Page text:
Heads of state raised a united plea for multilateral action this week marking the 50th anniversary of the UN Environment Programme (UNEP).
The special session of the UN Environment Assembly, which wrapped up on Friday in Nairobi, addresses how to build a resilient and inclusive post-pandemic world.
The two-day event was an important highlight among a number of activities and events over the past year to recognise the significant progress made on tackling climate change, biodiversity loss and pollution, and address the challenges to come.
Kenya’s President, Uhuru Kenyatta, Nigeria’s Muhammadu Buhari, Botswana’s Mokgweetsi Masisi of Botswana, and Central African Republic Prime Minister Felix Molula joined Ministers of Environment and other representatives from 175 nations for the event.
In his opening speech on Thursday, President Kenyatta recalled some notable environment successes of UN member states, coordinated through UNEP, including historic conferences like the Rio 1992 Earth Summit and the 1987 Montreal Convention to protect the ozone layer.
“I want to commend all Member States for the dedication and diligence that you’ve shown in prioritising the issues that affect our planet. We cannot talk of development, peace, and security without highlighting the nexus with climate change,” he said.
The President praised UNEP as an “ecological conscience,” and “a credible platform for nations to come together and act boldly to advance the global environmental agenda”.
In the spirit of celebrating UNEP@50, President Kenyatta concluded by announcing a new bi-annual award of $25,000 from the people of Kenya to persons or institutions who champion environmental sustainability and peace.
President Buhari said: “It’s time to bolster international cooperation and stimulate collective action to address the triple crisis of climate change, biodiversity loss and rising levels of pollution and waste. No country or continent can achieve this alone. Each nation has an essential role to play.”
Pledging to continue working with other countries to achieve the goals of the Paris Agreement, he went on to say: “We recognise that restoring key ecosystems is crucial to help combat climate change and achieve sustainable development.”
President Masisi said: “Economic activity and population growth has compounded the already enormous strain on the world’s natural resources and ecosystems. Climate change, desertification, loss of biodiversity and growing levels of poverty are painful realities of our times.”
Detailing Botswana’s record on sustainable management of its biodiversity — 40 per cent of its land is under protected area status — and integrating environmental considerations into national planning processes, he affirmed his country’s commitment to Multilateral Environmental Agreements, urging “green philanthropists, private sector, research institutions and development agenciesa(to) incentivise success in conservation.”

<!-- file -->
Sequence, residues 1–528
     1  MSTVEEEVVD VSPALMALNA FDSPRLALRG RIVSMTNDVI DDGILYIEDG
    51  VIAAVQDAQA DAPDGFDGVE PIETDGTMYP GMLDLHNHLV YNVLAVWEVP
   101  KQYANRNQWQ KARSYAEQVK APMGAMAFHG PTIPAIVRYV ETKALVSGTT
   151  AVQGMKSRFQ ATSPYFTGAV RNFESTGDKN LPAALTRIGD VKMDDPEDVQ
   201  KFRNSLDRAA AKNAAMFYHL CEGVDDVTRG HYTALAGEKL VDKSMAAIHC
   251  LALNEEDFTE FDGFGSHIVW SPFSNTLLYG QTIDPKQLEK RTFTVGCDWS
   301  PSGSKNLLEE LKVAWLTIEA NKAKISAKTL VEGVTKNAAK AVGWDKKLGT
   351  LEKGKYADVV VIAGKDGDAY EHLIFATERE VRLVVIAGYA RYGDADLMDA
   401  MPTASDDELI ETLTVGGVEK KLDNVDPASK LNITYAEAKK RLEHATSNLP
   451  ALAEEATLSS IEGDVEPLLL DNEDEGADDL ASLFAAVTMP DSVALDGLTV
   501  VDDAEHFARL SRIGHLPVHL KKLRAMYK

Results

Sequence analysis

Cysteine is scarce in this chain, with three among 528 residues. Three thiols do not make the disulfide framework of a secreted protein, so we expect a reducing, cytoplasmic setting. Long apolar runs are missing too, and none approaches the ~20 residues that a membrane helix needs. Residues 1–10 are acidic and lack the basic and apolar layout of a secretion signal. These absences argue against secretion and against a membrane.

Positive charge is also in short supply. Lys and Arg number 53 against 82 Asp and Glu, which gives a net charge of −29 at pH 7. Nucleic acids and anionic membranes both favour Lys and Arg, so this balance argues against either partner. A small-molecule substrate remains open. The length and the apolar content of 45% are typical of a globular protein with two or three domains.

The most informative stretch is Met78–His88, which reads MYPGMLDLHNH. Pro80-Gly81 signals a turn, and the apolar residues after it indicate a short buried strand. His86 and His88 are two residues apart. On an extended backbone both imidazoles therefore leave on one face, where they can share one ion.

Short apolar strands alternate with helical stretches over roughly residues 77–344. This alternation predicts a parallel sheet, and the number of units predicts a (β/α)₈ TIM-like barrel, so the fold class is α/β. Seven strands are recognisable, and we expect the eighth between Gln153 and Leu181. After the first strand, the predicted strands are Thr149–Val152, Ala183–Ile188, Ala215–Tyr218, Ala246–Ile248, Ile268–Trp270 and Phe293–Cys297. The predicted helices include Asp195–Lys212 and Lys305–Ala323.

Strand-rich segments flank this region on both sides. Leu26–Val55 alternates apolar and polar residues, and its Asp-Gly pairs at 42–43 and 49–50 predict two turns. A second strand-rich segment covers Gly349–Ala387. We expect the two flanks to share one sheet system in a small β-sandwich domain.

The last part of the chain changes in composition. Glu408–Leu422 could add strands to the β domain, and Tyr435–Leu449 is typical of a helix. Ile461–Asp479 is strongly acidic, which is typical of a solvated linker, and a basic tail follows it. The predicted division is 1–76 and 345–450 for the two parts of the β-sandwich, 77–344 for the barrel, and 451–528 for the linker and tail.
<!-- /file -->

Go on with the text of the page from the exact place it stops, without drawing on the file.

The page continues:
The 1972 UN Conference on the Human Environment in Stockholm is regarded as one of the first major multilateral meetings on the environment; it spurred the formation of environment ministries and agencies around the world, kickstarted a host of new global agreements to collectively protect the environment and led to the formation of UNEP — the only UN agency whose headquarters is in Africa.
For five decades, Kenya has been the host of UNEP and over the past week it has hosted the resumed 5th session of the UN Environment Assembly (UNEA-5.2).
Inger Andersen, Executive Director of UNEP, extended gratitude to Kenya for hosting UNEP for 50 years, and for the country’s unwavering support for UNEA-5.2.
“UNEP is now at the heart of protecting the asset upon which we all rely, the environment. The world has realised that we cannot pollute our way to development and clean up after. We have a human right to a healthy environment. Youth are demanding change. Governments, cities and regions are acting. Businesses are acting. Investors are acting,” she said.
“None of this was in place 50 years ago.”
“However, our journey will only conclude when we ensure that humanity can thrive without skewing the delicate balance of life on this glorious planet,” she added.
The special session to commemorate the establishment of UNEP follows the three-day UNEA-5.2, which drew about 3,000 participants in-person and 1,500 online from 175 UN Member States, including 79 ministers and 17 high-level officials.
The Assembly adopted 14 resolutions, two declarations and one decision on curbing pollution and for the protection and restoration of nature.
Among these are a historic resolution to forge an international legally binding deal to end plastic pollution, the establishment of a science policy panel on the sound management of chemicals and waste, and on the definition and implementation of nature-based solutions.
(Vishal Gulati can be reached at email@example.com)